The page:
Katharine Eyre
Katharine Eyre
3 years ago
Reply to  Jon Redman

Well I guess he had weighed it up, but there was a fair bit of testosterone-fuelled bravado and maybe a misplaced sense of immortality going on too. But, my goodness, who doesn’t think they’re indestructible when they’re young? The way you weigh up and respond to risks changes as you age and also according to experience. I guess he’s calmed down a lot since then…but it sure was fun to hang out with those guys. The Saffas know how to have a good time!

Zach Thornton
Zach Thornton
3 years ago
Reply to  Katharine Eyre

“rising admiration for authoritarian systems in the Far East”

I don’t believe that there is rising admiration for China in the West. Western media mostly run negative news stories about China regarding their suppression of democracy in Hong Kong, threats to invade Taiwan or attacks against Indian troops on their Himalayan border. Noting that a strict lockdown suppressed the outbreak of Covid-19 is not admiration for China’s dystopian authoritarian regime. It’s hysterical thinking to believe Westerners admire China as the background murmuring in our societies are fear and apprehension for the rising super power.

Katharine Eyre
Katharine Eyre
3 years ago
Reply to  Zach Thornton

I think you have wrongly interpreted my post. You’re equating China with the Far East when China is only a part of that region. I was thinking more of the kind of admiration for South Korea and Taiwan which I have seen.

You’re right about China in that the dominant feeling in the West is apprehension, but I also perceive a germ of doubt creeping into Western discourse (on covid specifically but also generally) about whether liberal democracy still is the strongest and best societal model for taking on the 21st century in which China will be the dominant superpower. A radical affirmation of liberal democracy is required.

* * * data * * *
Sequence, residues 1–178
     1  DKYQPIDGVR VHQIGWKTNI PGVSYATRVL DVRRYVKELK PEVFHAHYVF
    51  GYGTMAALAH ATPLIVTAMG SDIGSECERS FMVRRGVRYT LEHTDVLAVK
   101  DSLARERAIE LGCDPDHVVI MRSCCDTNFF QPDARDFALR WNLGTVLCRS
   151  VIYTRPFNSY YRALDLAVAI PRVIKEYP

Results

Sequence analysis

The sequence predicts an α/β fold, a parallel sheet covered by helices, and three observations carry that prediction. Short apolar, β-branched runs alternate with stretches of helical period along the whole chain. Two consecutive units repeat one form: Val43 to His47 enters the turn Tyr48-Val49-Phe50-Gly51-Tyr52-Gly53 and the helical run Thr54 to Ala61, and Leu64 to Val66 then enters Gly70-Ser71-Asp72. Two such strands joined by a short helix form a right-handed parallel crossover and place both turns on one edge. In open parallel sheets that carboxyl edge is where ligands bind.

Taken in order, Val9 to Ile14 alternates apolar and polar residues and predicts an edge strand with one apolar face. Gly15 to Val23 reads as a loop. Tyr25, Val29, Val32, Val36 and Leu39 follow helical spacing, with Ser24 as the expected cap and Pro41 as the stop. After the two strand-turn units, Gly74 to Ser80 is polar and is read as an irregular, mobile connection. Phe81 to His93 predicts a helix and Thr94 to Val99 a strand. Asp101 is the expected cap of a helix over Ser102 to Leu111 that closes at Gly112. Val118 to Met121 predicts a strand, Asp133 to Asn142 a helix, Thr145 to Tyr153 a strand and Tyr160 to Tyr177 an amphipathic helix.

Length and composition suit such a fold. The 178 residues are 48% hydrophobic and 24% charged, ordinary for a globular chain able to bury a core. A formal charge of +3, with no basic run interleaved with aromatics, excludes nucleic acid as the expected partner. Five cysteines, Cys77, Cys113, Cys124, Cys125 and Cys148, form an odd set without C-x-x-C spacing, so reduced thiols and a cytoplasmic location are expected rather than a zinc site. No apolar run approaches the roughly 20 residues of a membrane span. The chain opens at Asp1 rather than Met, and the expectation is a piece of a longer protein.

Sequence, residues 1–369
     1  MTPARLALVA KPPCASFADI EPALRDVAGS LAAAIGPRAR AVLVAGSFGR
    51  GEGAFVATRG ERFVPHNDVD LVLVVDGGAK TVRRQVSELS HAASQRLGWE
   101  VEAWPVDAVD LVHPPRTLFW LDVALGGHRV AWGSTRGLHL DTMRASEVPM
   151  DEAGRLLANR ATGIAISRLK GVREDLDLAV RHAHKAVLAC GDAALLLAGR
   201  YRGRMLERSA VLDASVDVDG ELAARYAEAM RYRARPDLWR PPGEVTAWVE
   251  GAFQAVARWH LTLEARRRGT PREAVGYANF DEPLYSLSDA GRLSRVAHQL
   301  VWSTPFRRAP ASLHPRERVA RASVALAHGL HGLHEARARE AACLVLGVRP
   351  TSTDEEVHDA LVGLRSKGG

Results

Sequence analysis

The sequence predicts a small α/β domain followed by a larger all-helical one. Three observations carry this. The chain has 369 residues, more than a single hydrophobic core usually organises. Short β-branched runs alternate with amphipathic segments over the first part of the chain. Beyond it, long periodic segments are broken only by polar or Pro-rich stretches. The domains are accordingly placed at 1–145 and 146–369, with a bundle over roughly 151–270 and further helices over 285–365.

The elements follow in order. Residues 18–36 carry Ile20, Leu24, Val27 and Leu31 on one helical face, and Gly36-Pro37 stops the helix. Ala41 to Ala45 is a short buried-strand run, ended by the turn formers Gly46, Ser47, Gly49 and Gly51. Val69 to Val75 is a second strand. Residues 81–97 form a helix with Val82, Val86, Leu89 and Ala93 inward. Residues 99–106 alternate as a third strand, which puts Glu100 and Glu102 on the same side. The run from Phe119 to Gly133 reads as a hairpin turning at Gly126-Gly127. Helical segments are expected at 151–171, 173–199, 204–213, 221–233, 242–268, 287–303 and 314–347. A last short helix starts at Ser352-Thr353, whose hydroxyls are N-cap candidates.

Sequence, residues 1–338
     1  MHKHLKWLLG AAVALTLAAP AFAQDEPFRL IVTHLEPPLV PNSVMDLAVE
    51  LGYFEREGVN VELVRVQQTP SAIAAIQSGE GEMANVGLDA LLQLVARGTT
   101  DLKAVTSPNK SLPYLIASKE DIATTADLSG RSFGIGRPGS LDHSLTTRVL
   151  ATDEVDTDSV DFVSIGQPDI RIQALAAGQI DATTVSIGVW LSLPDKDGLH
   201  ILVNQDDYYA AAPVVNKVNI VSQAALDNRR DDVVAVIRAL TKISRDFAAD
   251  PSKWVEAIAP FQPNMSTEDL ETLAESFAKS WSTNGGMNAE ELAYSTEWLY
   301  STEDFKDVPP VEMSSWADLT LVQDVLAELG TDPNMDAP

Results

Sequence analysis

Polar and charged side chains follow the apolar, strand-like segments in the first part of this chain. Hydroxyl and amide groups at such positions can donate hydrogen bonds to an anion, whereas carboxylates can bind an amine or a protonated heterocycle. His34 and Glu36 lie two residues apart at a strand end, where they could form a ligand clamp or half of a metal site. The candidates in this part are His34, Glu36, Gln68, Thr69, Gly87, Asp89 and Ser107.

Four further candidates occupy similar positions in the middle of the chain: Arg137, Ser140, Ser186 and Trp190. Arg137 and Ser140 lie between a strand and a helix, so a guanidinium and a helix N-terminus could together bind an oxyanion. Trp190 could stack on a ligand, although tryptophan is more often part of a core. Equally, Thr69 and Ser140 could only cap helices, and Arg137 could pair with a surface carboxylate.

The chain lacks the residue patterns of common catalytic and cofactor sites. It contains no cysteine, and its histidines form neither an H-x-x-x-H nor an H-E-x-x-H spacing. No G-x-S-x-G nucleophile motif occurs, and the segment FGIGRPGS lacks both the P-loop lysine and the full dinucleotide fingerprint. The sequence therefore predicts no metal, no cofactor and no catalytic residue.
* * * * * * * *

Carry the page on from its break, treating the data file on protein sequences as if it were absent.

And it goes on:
Zach Thornton
Zach Thornton
3 years ago
Reply to  Katharine Eyre

South Korea and Taiwan are less liberal than in the West but they’re not authoritarian. They permit free and fair elections and have a free press, as examples of their relative openess. These countries are not in the same bracket as China or Vietnam. They’re young liberal democracies that are becoming more open and transparent. It wasn’t long ago that South Korea was a dictatorship so their progress is quite remarkable, in respect of their politics.

Meghan Kathleen Jamieson
Meghan Kathleen Jamieson
3 years ago
Reply to  Zach Thornton

I have been really surprised by the number of people who seem to think China’s approach to covid is justified, and we would be better off if our western governments had similar powers.

Granted they seem to envision some scenario where these powers would only be used appropriately for the greater good. And it’s not a majority by any stretch. But there is a level of naivety about what that kind of power entails that I would not have expected and it has been more people than I expected.

Zach Thornton
Zach Thornton
3 years ago